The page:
How to Start Homeschooling: The Ultimate Guide for Beginners

ultimate guide how to start homeschooling

“I want to homeschool, but where do I start?”

I’ve heard this question so many times since we started homeschooling a couple of years ago.

I’ve read this question in many of the homeschooling Facebook groups I belong to.

I’ve even answered this question in my DMs.

When I began homeschooling, I was completely overwhelmed by the plethora of information that exists.

Researching and making lists are basically my two favorite hobbies.  I’m also a blast at parties in case you were wondering.

Looking back, I could’ve used a basic guide to steer my research and keep me from falling into various rabbit holes because a sister has NO time for any of that.

And neither do you.

I hope this guide is helpful to you as you learn more about homeschooling and determine whether it’s the next best step for your family.

If you’re thinking about homeschooling, there are a few things you’ll want to do first.


Do your research

The first thing on your to-do list should be to find out if your state or county has a homeschooling office.  The homeschool office serves as a liaison between your family and your local public school system.  They should offer resources, support, and accountability.


Learn your rights

You will also want to research and become familiar with your state’s homeschooling laws and regulations.  

If you’re homeschooling in the US, check out the Home School Legal Defense Association.  They offer a wealth of resources and support for homeschooling families.


Identify your child’s learning style(s)

There are several ways your child processes and retains information.  Knowing your child’s learning style is key to a fruitful homeschool experience.  

You can find the different learning styles, as well as quizzes to help you identify them, here.


Select a homeschooling method

There are also several different homeschooling methods.  You can go the traditional or classical route, if your child craves more structure and likes the smell of textbooks.

Book and nature lovers may enjoy the Charlotte Mason literature-based method.

Hands-on learners may function best using methods such as unit studies, interest-led homeschooling, or unschooling.

It’s easy to get caught up in labeling your homeschool method, but it’s most important that whatever you are doing is keeping you AND your kids engaged!


Choose your curriculum

There are a few different kinds of curriculum–boxed, online, and hodge podge.  

Before you get anxious about selecting curriculum, know that there is no magic bullet when it comes to curriculum.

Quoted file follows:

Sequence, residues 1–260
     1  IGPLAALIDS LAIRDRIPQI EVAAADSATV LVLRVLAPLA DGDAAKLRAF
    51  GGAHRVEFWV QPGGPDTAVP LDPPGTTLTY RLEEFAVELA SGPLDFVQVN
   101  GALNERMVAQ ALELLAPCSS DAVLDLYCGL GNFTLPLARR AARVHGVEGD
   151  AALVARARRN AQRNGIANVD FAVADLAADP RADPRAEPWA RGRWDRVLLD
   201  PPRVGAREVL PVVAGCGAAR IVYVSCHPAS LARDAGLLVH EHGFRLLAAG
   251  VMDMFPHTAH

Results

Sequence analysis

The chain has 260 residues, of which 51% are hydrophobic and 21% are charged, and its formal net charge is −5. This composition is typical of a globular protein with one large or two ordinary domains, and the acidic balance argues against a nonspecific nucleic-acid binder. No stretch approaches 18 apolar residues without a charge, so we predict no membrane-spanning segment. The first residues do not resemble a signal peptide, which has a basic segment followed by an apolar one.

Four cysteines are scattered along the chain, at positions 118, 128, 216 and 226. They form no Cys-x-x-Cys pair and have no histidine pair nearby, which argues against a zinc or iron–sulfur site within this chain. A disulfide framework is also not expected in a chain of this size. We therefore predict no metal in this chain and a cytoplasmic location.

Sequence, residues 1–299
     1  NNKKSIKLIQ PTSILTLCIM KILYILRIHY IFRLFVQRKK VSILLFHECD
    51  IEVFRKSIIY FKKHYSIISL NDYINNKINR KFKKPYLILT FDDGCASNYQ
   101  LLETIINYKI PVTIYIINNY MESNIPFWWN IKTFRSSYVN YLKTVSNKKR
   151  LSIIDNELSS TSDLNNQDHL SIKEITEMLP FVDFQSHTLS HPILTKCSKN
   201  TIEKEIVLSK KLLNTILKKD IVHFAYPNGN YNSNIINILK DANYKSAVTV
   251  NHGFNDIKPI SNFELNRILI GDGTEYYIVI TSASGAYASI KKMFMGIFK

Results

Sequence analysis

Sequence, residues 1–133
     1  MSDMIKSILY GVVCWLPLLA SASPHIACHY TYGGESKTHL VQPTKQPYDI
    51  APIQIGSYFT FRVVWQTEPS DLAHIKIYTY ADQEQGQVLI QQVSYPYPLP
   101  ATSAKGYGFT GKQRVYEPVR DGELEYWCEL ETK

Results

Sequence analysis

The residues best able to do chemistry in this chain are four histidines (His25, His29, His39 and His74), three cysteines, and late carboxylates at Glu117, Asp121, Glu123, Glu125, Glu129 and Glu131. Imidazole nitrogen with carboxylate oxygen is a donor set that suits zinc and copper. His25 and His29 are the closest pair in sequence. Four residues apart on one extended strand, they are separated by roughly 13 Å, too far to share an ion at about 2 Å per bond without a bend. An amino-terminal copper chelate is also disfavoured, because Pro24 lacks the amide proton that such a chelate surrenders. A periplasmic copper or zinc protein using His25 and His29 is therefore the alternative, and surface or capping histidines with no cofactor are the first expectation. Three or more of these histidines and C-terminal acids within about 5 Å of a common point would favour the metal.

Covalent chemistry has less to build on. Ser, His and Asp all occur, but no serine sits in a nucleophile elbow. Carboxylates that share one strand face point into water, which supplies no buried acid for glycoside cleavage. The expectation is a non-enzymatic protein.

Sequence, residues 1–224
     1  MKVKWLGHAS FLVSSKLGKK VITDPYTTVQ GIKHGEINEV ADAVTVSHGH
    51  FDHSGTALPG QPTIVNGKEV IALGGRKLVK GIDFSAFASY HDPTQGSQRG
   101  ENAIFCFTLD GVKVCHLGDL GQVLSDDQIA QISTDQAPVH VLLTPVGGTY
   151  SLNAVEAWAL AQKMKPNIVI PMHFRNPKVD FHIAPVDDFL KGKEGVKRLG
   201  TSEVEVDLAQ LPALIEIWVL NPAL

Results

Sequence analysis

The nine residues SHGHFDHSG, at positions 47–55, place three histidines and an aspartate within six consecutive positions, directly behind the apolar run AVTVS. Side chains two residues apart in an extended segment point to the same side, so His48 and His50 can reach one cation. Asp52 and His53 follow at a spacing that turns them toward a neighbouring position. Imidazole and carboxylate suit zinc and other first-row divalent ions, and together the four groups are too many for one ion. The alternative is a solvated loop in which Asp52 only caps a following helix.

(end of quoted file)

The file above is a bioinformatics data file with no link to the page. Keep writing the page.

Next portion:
Homeschooling is more than school at home–it’s a lifestyle and a prime opportunity to connect and grow together as a family.

That said, there are also numerous curriculum reviews available on blogs and YouTube videos.  If you are unsure about a resource, look no further than your Google search bar for help and advice.


Get support

People who don’t homeschool want to know–how will your child socialize???

There are endless social opportunities for families who homeschool.  We have made friends at local parks, libraries, and classes.

There are many, many homeschooling groups on Facebook, Yahoo, and Meetup.

You can find support, solidarity, and opportunities for peer collaboration at local co-ops, tutorials, clubs, and other groups.

Once you have done your research and garnered support, it is time to make your plans.


Plan your homeschool year

This is the time to set goals, plan your weekly and daily schedules, plot out trips and projects, and gather resources.

A homeschool planner is a handy tool to keep everything organized.   Your planner doesn’t need to be fancy or super expensive.  I’ve seen people plan in something as basic as a spiral notebook.

If you are more of a digital person, many homeschool parents use EverNote, OneNote, and Trello to keep their plans in place.


Stock up on supplies

Once you have your plans in place, it’s time to set up shop!

Use your curriculum research notes to make selections, and don’t be afraid.  Nothing is permanent.  You can find curriculum at the library, at thrift stores, and online at deep discounts.  You can also find curriculum by joining a swap through your local co-op, umbrella group, or support group.

Gather school supplies and storage solutions to keep things access and clutter-free.  My children are more likely to explore resources that are organized and visible.


Set up your classroom space

You can “do school” anywhere.  I’ve seen some beautiful homeschool rooms (mostly on Pinterest), but my children prefer to study at the dining room table.

When you homeschool, the world becomes your classroom. 

Have fun decorating your home with globes, books, art supplies, and other resources.  Supersize the fun by getting the kids involved in setting up your space.




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